Spain has sparked outrage by tailing Royal Navy nuclear submarine HMS Talent as it left Gibraltar on a secret mission.
The submarine was being shadowed by a Spanish ship after pulling away from its moorings on Friday in an action that may be in breach of maritime law, The Sun reports.
In response, another British ship was scrambled to intercept the Spanish vessel to make sure it stayed away from HMS Talent, which had reportedly had its Tomahawk Land Attack Missile (TLAM) stores replenished.
A source on Gibraltar told the tabloid: “It’s outrageous behaviour yet again from Spain.
“Their boat was landside and shouldn’t have been there. It only pulled off once the Royal Navy boat came towards it.”
The Trafalgar-class nuclear submarine can carry up to 30 Tomahawks, which are long-range, all-weather, subsonic cruise missiles used in land-attack operations.
Gibraltar, also referred to as The Rock, is a small peninsula on the southern tip of Spain and has been a British Overseas Territory since 1713 when Spain ceded it to Britain “in perpetuity” under article X of the Treaty of Utrecht during the War of Spanish Succession.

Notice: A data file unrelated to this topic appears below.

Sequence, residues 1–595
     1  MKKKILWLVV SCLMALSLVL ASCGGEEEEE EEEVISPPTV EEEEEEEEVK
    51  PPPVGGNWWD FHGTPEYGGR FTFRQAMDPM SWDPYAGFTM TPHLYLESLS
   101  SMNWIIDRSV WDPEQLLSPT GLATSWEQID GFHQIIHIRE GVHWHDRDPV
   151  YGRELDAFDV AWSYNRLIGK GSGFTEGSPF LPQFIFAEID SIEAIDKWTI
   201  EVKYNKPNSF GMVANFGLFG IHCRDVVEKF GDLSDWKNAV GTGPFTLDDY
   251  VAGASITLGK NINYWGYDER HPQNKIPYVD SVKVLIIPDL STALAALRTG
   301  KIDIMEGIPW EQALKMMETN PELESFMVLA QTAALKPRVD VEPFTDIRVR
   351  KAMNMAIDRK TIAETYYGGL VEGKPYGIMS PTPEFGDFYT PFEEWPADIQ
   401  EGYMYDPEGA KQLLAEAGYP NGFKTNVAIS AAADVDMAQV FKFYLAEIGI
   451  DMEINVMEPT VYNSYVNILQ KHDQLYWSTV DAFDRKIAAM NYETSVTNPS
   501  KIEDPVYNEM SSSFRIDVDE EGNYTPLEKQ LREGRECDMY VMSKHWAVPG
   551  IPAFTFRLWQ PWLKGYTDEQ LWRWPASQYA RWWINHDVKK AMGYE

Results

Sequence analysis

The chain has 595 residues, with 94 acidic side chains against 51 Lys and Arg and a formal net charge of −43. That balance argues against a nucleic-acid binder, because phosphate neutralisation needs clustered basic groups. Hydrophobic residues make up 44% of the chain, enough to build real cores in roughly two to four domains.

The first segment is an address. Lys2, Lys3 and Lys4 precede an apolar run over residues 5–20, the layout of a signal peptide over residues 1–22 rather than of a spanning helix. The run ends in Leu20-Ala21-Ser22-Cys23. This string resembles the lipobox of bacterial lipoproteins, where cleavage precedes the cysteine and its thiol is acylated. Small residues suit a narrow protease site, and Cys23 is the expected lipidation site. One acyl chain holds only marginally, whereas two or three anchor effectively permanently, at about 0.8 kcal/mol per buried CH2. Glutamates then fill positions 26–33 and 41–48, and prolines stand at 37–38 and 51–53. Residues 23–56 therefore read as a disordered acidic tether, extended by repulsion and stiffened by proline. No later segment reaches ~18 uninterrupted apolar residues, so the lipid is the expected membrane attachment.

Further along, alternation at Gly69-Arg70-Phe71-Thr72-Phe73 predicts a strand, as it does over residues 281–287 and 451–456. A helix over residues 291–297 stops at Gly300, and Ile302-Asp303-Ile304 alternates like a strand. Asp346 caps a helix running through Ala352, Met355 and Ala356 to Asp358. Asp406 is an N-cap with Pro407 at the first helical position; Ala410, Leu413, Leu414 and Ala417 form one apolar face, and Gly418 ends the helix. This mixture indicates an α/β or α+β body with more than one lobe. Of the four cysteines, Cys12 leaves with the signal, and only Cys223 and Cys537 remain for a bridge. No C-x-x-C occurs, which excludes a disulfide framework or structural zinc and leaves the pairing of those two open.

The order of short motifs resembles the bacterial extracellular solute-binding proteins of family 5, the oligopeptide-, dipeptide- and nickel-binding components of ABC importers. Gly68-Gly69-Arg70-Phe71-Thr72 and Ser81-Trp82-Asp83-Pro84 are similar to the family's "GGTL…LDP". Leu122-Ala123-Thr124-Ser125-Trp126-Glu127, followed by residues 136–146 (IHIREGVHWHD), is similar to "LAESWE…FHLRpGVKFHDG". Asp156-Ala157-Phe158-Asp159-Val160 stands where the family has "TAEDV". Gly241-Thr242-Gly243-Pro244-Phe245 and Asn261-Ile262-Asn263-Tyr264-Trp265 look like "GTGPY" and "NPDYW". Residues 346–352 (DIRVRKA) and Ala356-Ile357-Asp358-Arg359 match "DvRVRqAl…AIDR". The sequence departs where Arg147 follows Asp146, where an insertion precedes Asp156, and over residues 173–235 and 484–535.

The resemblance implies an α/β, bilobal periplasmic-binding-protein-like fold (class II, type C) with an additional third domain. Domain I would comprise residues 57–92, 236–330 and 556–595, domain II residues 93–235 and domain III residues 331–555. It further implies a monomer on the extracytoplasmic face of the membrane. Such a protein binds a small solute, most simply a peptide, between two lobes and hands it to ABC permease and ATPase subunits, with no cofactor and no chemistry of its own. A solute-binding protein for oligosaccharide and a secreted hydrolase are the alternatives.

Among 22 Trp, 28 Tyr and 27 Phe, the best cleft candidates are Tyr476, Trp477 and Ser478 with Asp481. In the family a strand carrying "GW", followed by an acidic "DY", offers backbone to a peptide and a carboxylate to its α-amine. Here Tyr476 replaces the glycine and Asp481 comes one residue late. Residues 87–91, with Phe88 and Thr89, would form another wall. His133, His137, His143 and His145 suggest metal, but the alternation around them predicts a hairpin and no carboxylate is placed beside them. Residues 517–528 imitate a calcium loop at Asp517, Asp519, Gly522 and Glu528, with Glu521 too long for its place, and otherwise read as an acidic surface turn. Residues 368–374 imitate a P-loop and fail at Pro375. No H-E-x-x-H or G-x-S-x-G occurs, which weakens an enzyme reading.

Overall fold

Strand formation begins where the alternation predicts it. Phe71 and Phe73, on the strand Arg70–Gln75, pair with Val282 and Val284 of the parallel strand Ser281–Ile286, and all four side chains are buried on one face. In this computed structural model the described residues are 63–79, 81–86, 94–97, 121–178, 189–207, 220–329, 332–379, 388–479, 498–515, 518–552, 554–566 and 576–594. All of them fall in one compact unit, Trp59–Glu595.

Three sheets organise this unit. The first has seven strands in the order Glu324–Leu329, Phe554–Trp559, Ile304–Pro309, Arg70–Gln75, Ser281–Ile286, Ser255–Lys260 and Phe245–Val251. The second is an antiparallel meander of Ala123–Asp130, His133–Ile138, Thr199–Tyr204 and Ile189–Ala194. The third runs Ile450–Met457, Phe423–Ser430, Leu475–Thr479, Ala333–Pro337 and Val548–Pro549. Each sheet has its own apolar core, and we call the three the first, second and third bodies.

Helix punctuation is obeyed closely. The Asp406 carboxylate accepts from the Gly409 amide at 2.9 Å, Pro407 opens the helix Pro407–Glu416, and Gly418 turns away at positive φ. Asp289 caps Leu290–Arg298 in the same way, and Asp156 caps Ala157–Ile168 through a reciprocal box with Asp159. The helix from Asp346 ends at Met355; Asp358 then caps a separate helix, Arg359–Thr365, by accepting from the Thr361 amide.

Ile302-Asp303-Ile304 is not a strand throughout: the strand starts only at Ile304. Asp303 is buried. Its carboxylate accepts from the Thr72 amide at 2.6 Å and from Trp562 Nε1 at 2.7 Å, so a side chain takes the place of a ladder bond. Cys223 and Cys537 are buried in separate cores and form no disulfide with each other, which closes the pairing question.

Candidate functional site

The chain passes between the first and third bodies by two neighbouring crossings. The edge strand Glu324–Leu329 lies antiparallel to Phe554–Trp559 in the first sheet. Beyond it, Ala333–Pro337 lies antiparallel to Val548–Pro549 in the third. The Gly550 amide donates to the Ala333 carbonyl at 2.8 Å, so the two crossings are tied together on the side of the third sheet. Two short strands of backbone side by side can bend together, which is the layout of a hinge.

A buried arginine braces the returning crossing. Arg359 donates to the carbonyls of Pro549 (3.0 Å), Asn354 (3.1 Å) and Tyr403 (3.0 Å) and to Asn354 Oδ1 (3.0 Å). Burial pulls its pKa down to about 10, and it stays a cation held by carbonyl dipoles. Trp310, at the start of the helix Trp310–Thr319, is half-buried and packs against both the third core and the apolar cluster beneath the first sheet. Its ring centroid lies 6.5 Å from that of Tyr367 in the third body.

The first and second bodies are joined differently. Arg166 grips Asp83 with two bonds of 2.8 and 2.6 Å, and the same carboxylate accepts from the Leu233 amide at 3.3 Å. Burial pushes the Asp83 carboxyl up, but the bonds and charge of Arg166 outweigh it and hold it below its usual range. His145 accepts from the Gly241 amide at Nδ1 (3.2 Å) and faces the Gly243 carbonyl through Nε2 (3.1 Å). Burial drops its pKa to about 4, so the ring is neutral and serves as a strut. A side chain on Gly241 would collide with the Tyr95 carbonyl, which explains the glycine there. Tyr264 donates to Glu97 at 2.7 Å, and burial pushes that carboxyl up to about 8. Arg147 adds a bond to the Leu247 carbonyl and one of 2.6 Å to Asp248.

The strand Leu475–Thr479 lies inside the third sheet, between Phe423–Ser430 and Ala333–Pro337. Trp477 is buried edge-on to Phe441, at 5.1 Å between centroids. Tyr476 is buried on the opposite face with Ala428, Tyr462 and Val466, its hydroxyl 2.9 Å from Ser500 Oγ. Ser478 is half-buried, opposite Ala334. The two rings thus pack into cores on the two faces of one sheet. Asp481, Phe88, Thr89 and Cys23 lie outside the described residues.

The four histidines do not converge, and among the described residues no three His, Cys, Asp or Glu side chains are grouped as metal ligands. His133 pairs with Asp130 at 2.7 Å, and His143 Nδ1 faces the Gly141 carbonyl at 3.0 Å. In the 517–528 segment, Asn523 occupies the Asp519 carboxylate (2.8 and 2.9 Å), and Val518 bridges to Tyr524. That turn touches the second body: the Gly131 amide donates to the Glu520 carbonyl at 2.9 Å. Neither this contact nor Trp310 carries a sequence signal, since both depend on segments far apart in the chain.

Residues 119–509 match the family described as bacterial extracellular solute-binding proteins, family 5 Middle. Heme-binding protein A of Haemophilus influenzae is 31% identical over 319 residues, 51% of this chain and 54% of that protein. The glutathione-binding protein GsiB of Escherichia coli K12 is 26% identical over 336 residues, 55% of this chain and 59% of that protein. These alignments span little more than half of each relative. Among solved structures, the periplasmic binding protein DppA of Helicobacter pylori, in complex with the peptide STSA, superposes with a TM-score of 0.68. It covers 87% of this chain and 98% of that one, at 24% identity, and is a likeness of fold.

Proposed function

This is the latest act of sabre-rattling by the Spaniards since the United Kingdom voted to leave the EU in 2016, with the Iberian nation still obsessed with regaining the territory despite its’ residents strong desire to remain British.
Senior Eurocrat Applauds Spanish Warship ‘Invading’ Gibraltar Waters https://t.co/vdj4ZA8fvZ
— Breitbart London (@BreitbartLondon) December 7, 2018
Earlier this month, the Infanta Elena warship, a Descubierta-class corvette, blasted a Spanish anthem as it trespassed through Gibraltar’s waters.
In November, a Royal Navy vessel fired a warning flare after a Spanish Guardia Civil ship got too close to HMS Talent, and the month before the Spanish harassed the Los Angeles class USS Newport News submarine as she visited Gibraltar.
In late November, the British government accepted conditions imposed by Spain as it tried to get EU leaders to support its Brexit Withdrawal Agreement which allowed Madrid to have a say in the future of the territory in UK-EU negotiations.
Spain’s socialist Prime Minister Pedro Sánchez claimed victory over the British, saying: “We are going to resolve a conflict that has been going for over 300 years.”
“[The deal] puts Spain in a position of strength in negotiations with the United Kingdom over Gibraltar that we have not had until now… regarding Gibraltar, Spain wins,” Sánchez added.